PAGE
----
Sunday, January 30, 2005

Caballes: Despite dogged defense, Court endorses sniff search

Fourth Amendment/Dog sniffs: In Illinois v. Caballes, __ U.S. __, 2005 WL 123826 (Jan. 24, 2005), available here, the Supreme Court tolerates a drug dog sniff during part of a normal traffic stop.

Players: A drug dog and a speeding defendant.

Facts: A state trooper stopped Caballes for speeding. Illinois v. Caballes, __ U.S. __, 2005 WL 123826, *1 (Jan. 24, 2005). While the trooper was writing a ticket, a second trooper walked a drug car around the car. Id. The dog alerted to the trunk, and marijuana was found – the whole stop lasting less than twelve minutes. Id. Caballes was convicted and sentenced to twelve years in jail and a quarter-million dollar fine. Id.

Issue(s): "Whether the Fourth Amendment requires reasonable, articulable suspicion to justify using a drug-detection dog to sniff a vehicle during a legitimate traffic stop." Id.

Held: "[T]he use of a well-trained narcotics-detection dog – one that does not expose noncontraband items that otherwise would remain hidden from public view,– during a lawful traffic stop, generally does not implicate legitimate privacy interests. In this case, the dog sniff was performed on the exterior of respondent's car while he was lawfully seized for a traffic violation. Any intrusion on respondent's privacy expectations does not rise to the level of a constitutionally cognizable infringement." Id. at *3.

Of Note: Justice Souter offers a vigorous dissent, questioning the fallibility of narcotics dogs. Id. at *4. He explained that a drug dog is not a perfect machine that should automatically create sufficient cause for a search. Id. at *4-*5 (Souter, J., dissenting). Justice Ginsburg would reject walking the dog around the car as an improper expansion of a Terry stop. Id. at *8-*9 (Ginsburg, J., dissenting). She warns, correctly, "Today's decision, in contrast, clears the way for suspicionless, dog-accompanied drug sweeps of parked cars along sidewalks and in parking lots." Id. at *9.

How to Use: We can anticipate narcotic dogs in highway patrol cars now that the Supreme Court has given the green light in Caballes. Note that there seems to be some limitations in the majority’s decision. First, the majority seized on the fact that the defense did not challenge the accuracy of the dog (a challenge which could made in future cases). Moreover, the original (traffic) stop was conceded to be lawful (although the dissenters think, highly suspicious). Finally, the dog sniff did not lengthen the traffic stop – had it done so, the search might have violated Terry.

For Further Reading: Dogs have their own web page of controlling law; see here. This law enforcement site has an index of decisions relating to police dogs. There are a number of law enforcement pages on police dogs; one describes a sniff as "probable cause on a silver platter" and describes how to anticipate and counter defense challenges; see site here.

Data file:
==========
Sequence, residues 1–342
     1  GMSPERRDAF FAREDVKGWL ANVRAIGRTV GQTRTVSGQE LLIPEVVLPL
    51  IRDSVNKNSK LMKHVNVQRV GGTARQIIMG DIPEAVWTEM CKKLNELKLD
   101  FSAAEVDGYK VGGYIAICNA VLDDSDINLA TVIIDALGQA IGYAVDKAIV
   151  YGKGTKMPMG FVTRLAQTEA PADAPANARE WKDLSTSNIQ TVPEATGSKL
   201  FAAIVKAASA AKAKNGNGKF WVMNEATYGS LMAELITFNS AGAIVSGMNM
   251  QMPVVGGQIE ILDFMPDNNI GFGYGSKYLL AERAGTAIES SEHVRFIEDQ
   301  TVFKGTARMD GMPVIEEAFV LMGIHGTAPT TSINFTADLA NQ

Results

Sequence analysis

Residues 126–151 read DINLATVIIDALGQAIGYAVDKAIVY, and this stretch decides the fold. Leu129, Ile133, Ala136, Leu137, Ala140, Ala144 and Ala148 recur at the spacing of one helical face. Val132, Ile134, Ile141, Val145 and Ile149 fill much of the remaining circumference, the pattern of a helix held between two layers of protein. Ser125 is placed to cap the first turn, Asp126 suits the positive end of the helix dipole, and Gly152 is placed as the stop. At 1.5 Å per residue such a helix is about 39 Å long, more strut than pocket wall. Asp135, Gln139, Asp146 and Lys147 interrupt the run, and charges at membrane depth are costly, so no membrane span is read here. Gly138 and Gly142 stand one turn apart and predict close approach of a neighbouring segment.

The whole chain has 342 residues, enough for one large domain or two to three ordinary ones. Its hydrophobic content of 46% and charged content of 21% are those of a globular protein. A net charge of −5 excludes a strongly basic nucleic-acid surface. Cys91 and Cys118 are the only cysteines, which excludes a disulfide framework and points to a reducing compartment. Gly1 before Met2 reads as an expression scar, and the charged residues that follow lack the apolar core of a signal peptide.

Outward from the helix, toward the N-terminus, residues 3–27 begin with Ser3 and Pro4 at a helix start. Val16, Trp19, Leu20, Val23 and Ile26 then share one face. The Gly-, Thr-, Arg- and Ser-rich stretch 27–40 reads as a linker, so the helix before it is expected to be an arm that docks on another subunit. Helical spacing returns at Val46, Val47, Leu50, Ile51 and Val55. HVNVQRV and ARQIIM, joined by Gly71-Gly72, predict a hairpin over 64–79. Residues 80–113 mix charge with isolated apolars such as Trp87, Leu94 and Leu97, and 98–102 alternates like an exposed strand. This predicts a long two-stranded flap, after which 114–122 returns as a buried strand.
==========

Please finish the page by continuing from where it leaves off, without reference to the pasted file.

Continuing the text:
Jonathan Soglin has thoughtful additional analysis at his blog, available here. Of particular interest is his strategies for contesting dog sniffs in the trial courts.

Steven Kalar, Senior Litigator N.D. Cal.


Anonymous Anonymous said...

I have some thoughts about Caballes and Steve Kalar's post in a post of my own today at my Criminal Appeal Web log.

Jonathan Soglin

Sunday, January 30, 2005 10:29:00 PM  
Blogger chipesq said...

It has happened! A federal appeals Court in Richmond, Virginia has held that the applying the federal sentencing guidelines after Booker is PLAIN ERROR, in other words an error so fundamental that the sentencing must be re-done in almost all cases which were sentenced after June 26, 2000.

See, * United States v. Hughes, ___ F.3d ____, 2005 WL 147059, 2005 U.S. App. LEXIS 1189(4th Cir. Jan. 24, 2005) (finding plain error in sentencing of defendant under mandatory guideline scheme and remanding for resentencing under advisory scheme)


Mr. Hughes, a white collar criminal, was convicted of bankruptcy fraud and perjury, (traditionally considered white collar crimes). The District Court had applied five different enhancements, raising Mr. Hughes offense level from a 6 to a 22, and taking him from a range of 0-6 months imprisonment to 41 to 51 months. Ultimately the judge sentenced this white collar offender/criminal with no prior convictions to 46 months in prison.

The Fourth Circuit, a court not exactly known for its leniency to convicted criminals reversed. In a remarkable decision, the Court held that "PLAIN ERROR" had occurred. In other words, that the denial of Mr. Hughes's Sixth Amendment rights was so substantial that he could not be faulted for failing to object at the time of sentencing.

What does this all mean? The Plain Error ruling of the Fourth Circuit is huge in terms of impact of federal prisoners and specifically, white collar offenders. Many white collar offenders and other federal prisoners' lawyers failed to object at the time of sentencing to judges enhancing their sentences. (This is not meant to criticize those lawyers, it is reasonable to assert that no one could have seen the Apprendi/Booker revolution comming).


If you are a federal prisoner, the Hughes ruling can help in a very dramatic fashion. It can persuade a judge to give you another chance at sentencing, and it can help the judge reduce your sentence.

Mr. Chip Venie was a former Fourth Circuit Staff Attorney and is intimately familiar with the procedures for obtaining resentencing relief in that Court. In addition, Mr. Venie is a member of the Ninth Cicruit bar and can help you pursue your federal appeal in almost all western states. Mr. Venie has handled over 130 Federal Criminal Appeals and Habeas Petitions.

Chip Venie
(619) 235-8300

Thursday, February 03, 2005 5:48:00 AM  

Post a Comment

<< Home